Uys's play and production represents a notable triumph of common humanity over lacerating
experience. He knows the political crimes that have made these people what they are.
He knows the landscape of exile, where identities are propped up by reliving the
past to the extent of play-acting. His theatrical achievement is to bring these rancorously
self-encapsulated victims out into the fresh air, and to place their obsessive melodramas
in the wider context of comedy.
– Irving Wardle, London Times, October 1989
The white South African Pieter-Dirk Uys is best known in this country for his one
man show Adapt or Dye, in which he lays into the injustices of apartheid by impersonating
some of his country's more grotesque inhabitants, many of them female. His new play
Just like Home is gentler, subtler and more moving. It is still fired by Uys's indignation,
but it puts people before politics. He directs his own humane but profoundly pessimistic
play with passion.
– Charles Spencer, The Daily Telegraph, 23 October 1989
Home, we are told, is where the heart is. But if the heart is divided or in cold
storage, where is home then? Pieter-Dirk Uys' funny and touching play looks at this
predicament as it affects London's expatriate South Africans, both coloured and white.
The play is continuously sharp-eyed about the not-so-little ironies of expatriate
– Paul Taylor, The Independent, 24 October 1989
... a depth and perception to the play which makes it the best thing Uys has ever
– Matthew Lewin, Ham and High, 27 October 1989
Layers of illusion and delusion are gently peeled away with affectionate irony. Equally,
there are scathing remarks about liberal South African expatriates.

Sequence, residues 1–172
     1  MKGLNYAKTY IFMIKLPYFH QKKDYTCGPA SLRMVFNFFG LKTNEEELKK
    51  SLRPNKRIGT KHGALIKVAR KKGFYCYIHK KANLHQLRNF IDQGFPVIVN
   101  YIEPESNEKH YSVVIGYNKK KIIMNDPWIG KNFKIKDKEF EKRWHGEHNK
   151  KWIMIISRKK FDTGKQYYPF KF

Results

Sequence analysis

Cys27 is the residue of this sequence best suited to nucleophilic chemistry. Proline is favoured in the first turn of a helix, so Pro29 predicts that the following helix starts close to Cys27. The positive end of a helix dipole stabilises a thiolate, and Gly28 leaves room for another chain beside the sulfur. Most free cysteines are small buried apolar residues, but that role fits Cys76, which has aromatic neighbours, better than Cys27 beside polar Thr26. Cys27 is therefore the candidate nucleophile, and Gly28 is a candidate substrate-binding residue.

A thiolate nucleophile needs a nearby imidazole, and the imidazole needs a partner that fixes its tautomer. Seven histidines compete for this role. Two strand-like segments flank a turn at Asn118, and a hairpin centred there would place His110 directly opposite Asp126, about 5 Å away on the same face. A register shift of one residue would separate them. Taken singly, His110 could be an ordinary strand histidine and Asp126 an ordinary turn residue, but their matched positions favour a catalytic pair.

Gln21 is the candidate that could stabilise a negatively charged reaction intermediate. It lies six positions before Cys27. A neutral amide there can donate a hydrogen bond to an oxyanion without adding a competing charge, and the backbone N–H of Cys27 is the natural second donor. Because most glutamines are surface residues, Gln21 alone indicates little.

– Martin Hoyle, Financial Times, 23 October 1989
This could be the best play Pieter-Dirk Uys has written to date. It is more consistent
than most, rivalling in structure and development his masterly Paradise is closing
down and it has as its central character the best part Uys has written for a woman
since the irrepressible Ester Viljoen in Selle ou Storie. It is a very clever piece
of work, superbly realised. It is conceived in anger, in compassion and in love.
It is filled with larger-than-life people, seemingly improbable situations, but even
at its most extravagant, it never loses its credibility. It is all too human for
that. When the tension is at its most unbearable, the agony is relieved by laughter.
– Raeford Daniel, The Citizen, 9 March 1989
Just like Home is a bit of everything — there's nostalgia, humour, satire, irony.
– Merle Huntley, Pretoria News, 10 March 1989
... an honest study of exile (both voluntary and involuntary) and homesickness, new
lives and old struggles. The play is warmly convincing in the intimacy of its human
– Meira Cook, Saturday Star, 19 May 1990
This is no ordinary piece of political theatre. Through the personal anguish of those
outcast by the system we gain a more intimate insight into the evils of the system
itself. By using comedy cheek-by-jowl with depictions of brutality, Uys challenges
the audiences preconceptions, whatever their political persuasion ... the play confronts
us with the uncomfortable truth of institutional racism on our own doorstep.
– Paul Smart, Scotland on Sunday, 27 August 1989
Just like Home is an astutely observed and superbly realised comic-drama with sparkling
bitter-sweet dialogue and a story to touch the very core of your being. At the same
time it is a searing indictment of the psychological damage apartheid causes everyone
who is forced to live with it.
– Marianne Thamm, Cape Times, 22 July 1989
Uys always succeeds in making you look at old things in a new way. And that only
an artist with vision can do.